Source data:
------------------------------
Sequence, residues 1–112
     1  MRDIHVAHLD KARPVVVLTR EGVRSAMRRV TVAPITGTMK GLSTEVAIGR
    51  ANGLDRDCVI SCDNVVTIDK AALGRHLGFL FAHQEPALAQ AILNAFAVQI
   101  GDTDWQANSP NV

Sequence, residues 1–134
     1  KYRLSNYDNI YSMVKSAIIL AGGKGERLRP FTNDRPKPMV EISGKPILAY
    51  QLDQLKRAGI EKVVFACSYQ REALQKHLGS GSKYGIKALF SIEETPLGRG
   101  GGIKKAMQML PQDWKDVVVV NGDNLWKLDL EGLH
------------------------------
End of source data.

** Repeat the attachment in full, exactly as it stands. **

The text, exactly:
Sequence, residues 1–112
     1  MRDIHVAHLD KARPVVVLTR EGVRSAMRRV TVAPITGTMK GLSTEVAIGR
    51  ANGLDRDCVI SCDNVVTIDK AALGRHLGFL FAHQEPALAQ AILNAFAVQI
   101  GDTDWQANSP NV

Sequence, residues 1–134
     1  KYRLSNYDNI YSMVKSAIIL AGGKGERLRP FTNDRPKPMV EISGKPILAY
    51  QLDQLKRAGI EKVVFACSYQ REALQKHLGS GSKYGIKALF SIEETPLGRG
   101  GGIKKAMQML PQDWKDVVVV NGDNLWKLDL EGLH